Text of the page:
Soil acidity: The nightmare denying farmers high yields
Did you know that too much use of conventional fertilisers have the opposite effect — making your soil barren?
Dr Anne Muriuki, a soil scientist with Kenya Agricultural Research Organisation (Kalro) concurs.
“It is true that overuse of conventional fertilisers increases soil acidity. Ammonium-based fertilisers have the greatest potential to acidify soil,” Muriuki says.
A 2014 analysis of soils in Kenya, captured in a report by Kalro (known as KARI back then) found that acidity levels in most farms were higher than the recommended levels.
The report, titled ‘Soil suitability evaluation for maize production in Kenya’ blamed this on continuous use of inorganic fertiliser: in particular, DAP (Diammonium Phosphate).
The team of scientists who carried out the study recommend massive liming to neutralise the acidity. A few counties, like Nyeri, decided to implement that recommendation.
Neutralise the acidity
“We allocated Sh50 million for liming in the 2017/18 budget,” says James Wachihi, the County minister in charge of agriculture.
“Our soils are still largely acidic: liming is still continuing – until our soils will achieve the optimal pH for food production.”
High acidity in the soil (low PH) block’s plants ability to uptake nutrients available in the soil, says Dr. Muriuki.
“The best soils have an optimum pH of about between 6.0 and 7.0. Anything outside these makes the soil hostile and unable to provide nutrients to the crops.”
Gideon Munene Karuri from Kirinyaga has been a farmer for more than 40 years. In the 80s and 90s, he used fertilisers like everyone else.
“At some point, I noticed that the crops weren’t producing as much as I was used to,” he says. He tried using even more fertiliser but nothing was happening.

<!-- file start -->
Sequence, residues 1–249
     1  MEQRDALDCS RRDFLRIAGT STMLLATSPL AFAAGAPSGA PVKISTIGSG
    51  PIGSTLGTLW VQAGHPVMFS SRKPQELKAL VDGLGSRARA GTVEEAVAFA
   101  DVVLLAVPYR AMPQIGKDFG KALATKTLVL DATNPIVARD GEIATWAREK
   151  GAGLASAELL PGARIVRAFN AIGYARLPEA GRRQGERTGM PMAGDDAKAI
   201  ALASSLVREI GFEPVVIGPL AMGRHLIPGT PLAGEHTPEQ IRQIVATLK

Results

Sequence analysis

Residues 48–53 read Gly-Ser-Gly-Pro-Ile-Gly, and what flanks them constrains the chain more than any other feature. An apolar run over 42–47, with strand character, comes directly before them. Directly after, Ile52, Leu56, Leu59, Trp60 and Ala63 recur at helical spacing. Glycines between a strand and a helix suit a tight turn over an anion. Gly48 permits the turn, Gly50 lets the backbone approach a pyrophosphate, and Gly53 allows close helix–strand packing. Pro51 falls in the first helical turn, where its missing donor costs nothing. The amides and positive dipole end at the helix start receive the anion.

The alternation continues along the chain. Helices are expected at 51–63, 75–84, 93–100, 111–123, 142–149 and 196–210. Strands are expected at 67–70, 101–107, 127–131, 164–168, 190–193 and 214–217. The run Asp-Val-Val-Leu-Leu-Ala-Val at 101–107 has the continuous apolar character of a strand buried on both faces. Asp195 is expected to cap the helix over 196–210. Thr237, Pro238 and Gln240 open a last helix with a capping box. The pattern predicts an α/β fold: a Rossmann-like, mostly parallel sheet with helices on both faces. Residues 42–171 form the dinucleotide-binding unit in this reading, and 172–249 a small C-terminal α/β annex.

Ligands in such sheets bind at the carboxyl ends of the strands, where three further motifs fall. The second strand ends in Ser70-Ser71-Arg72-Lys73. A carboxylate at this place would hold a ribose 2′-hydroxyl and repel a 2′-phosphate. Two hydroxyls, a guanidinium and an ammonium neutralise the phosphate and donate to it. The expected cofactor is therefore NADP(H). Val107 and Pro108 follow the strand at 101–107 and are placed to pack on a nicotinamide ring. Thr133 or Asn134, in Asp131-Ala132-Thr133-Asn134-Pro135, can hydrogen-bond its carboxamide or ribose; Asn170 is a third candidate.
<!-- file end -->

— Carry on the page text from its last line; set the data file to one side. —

Ditched fertiliser use
Twenty years ago, he gave fertilisers the boot.
“They weren’t helping at all. And though I had never done a soil test I suspected that my farm had become barren as a result of using fertilisers for so many years,” he says.
Dr David Amudavi is an agronomist with years of experience teaching agricultural extension.
He is also the executive director of Biovision Africa Trust (BvAT) and project coordinator of the AU-led Ecological Organic Agriculture Initiative (EOA-I).
He says: “The solution is farmers need to go back to the basics. For thousands of years plants have grown on earth without inorganic fertiliser.
“There is only one reason why fertiliser and other agro-chemicals are heavily used in farming today: to generate money quickly.
“The problem with this farming that is purely steeped in profits is that it does not put much consideration into future fertility and usability of the soil.”
Amudavi says farmers will need to practice sustainable farming if they want their soils to maintain fertility over long periods of time.
“Sustainable agriculture involves use of farmyard manure, well prepared compost, intercropping, agroforestry, mixed farming (animals and plants), mulching, crop rotation and organic farming,” Amudavi says.
These are the practices that Phyllis Nduva, the chair of Makueni Fruit Joint Cooperative Ltd, is adhering to at her 40-acre farm, in Wote.
“I stopped using fertilisers a long time ago out of choice. I realised I did not need them for crops to do well. And I was also wary of modern diseases like cancer that are all so common now.
“For over two decades, I have grown my crops without fertilisers. I use manure from the farm: which comes from organic waste like animal droppings and foliage,” Nduva says.
Nduva grows mangoes and oranges (fruit trees) in large scale. She also grows cowpeas, beans, green grams and maize and a slew of other staple crops like sorghum and millet. She has 12 cows, 14 goats and more than 50 free-range chickens.